Location: Arkansas Children's Nutrition CenterTitle: Infant formula increases bone turnover favoring bone formation) Author
Submitted to: Federation of American Societies for Experimental Biology Conference
Publication Type: Abstract Only
Publication Acceptance Date: 2/19/2014
Publication Date: 4/15/2014
Citation: Chen, J., Andres, A., Lazarenko, O., Ronis, M.J., Badger, T.M. 2014. Infant formula increases bone turnover favoring bone formation [abstract]. The FASEB Journal. 28(1 Supplement):1027.8. Interpretive Summary:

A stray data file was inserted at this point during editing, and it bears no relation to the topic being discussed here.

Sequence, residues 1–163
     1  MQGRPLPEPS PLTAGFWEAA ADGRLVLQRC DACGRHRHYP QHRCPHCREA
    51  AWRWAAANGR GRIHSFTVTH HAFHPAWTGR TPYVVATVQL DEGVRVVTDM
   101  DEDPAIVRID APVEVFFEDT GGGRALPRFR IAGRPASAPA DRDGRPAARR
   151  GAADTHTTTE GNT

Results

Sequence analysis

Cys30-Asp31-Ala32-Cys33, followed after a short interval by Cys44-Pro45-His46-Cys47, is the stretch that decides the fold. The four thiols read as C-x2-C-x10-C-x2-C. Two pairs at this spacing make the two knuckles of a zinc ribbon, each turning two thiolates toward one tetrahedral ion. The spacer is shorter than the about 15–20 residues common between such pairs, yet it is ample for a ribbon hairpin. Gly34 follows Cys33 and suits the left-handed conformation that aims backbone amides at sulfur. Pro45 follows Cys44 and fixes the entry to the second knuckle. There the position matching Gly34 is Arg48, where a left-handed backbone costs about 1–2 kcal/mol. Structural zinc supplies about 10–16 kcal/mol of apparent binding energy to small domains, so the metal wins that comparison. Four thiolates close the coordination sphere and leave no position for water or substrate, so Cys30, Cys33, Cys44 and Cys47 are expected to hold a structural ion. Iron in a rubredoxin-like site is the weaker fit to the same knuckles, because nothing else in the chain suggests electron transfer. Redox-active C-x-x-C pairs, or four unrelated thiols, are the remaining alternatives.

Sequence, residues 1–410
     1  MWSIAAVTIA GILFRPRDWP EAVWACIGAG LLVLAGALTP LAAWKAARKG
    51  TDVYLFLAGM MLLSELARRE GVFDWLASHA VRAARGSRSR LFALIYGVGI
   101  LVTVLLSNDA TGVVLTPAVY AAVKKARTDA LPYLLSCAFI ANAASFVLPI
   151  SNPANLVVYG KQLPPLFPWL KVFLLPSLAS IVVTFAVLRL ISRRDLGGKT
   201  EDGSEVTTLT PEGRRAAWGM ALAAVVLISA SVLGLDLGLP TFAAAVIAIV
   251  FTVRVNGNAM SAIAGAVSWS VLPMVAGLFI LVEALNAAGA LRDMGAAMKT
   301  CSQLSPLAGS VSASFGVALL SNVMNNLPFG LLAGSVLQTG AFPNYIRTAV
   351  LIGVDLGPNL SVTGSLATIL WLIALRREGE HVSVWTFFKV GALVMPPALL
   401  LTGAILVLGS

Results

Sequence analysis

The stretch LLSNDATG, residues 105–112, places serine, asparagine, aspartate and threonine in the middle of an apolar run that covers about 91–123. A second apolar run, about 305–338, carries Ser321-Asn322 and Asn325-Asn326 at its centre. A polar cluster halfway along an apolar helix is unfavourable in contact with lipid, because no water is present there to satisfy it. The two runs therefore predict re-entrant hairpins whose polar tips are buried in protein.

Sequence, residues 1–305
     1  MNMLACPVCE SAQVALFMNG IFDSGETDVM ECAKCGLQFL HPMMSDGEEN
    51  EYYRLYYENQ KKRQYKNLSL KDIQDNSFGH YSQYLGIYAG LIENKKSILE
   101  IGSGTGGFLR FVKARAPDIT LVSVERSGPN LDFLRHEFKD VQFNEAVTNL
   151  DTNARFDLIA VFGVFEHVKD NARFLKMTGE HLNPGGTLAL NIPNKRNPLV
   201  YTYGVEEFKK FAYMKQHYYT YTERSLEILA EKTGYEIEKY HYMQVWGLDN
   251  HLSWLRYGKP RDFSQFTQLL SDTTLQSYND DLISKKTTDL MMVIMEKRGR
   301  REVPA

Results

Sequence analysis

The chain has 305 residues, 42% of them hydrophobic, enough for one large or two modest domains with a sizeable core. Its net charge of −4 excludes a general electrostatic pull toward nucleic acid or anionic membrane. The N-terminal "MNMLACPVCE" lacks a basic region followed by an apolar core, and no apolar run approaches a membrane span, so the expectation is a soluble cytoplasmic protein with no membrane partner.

Technical Abstract: In the first year of life, the major infant food choices have traditionally been breast milk (BM), cow's milk formula (MF), or soy formula (SF). Studies examining the effects of infant formula on early life skeletal development are extremely limited. We have enrolled 120 healthy 6-month-old infants who were fed BM (n=40), MF (n=40), or SF (n=40), and studied bone turnover markers in urine. Bone formation marker osteocalcin which is only secreted by osteoblasts was measured by a urine ELISA kit generated in our laboratory. Bone resorption marker, collagen crosslink N-terminal telopeptide (NTx), was measured using a commercial kit. While there were no significant differences between MF and SF groups in bone formation and resorption markers, osteocalcin was substantially increased in both MF and SF groups compared to those from BM group (p < 0.01). NTx was also increased in both MF and SF groups compared to those from BM group (p < 0.05), but to a lesser degree. We reproduced these results in a piglet animal model where male and female neonatal piglets (n=6 per group) were fed BM, MF, or SF for 20 days. Similar to what we found in infants, there were no gender differences in increased osteocalcin in MF and SF groups in urine compared to those from BM group. Increased bone mass was associated with urinary osteocalcin in MF and SF piglet groups. These results suggest increased bone turnover favoring more bone formation occurs in formula-fed compared to breast-fed infants.